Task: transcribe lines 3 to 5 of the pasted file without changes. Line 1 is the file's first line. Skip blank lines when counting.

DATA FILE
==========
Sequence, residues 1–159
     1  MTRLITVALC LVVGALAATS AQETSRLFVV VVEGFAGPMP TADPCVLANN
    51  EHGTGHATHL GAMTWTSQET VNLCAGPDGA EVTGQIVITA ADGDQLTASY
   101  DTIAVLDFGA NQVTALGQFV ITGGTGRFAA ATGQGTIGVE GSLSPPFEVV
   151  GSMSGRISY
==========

    51  EHGTGHATHL GAMTWTSQET VNLCAGPDGA EVTGQIVITA ADGDQLTASY
   101  DTIAVLDFGA NQVTALGQFV ITGGTGRFAA ATGQGTIGVE GSLSPPFEVV
   151  GSMSGRISY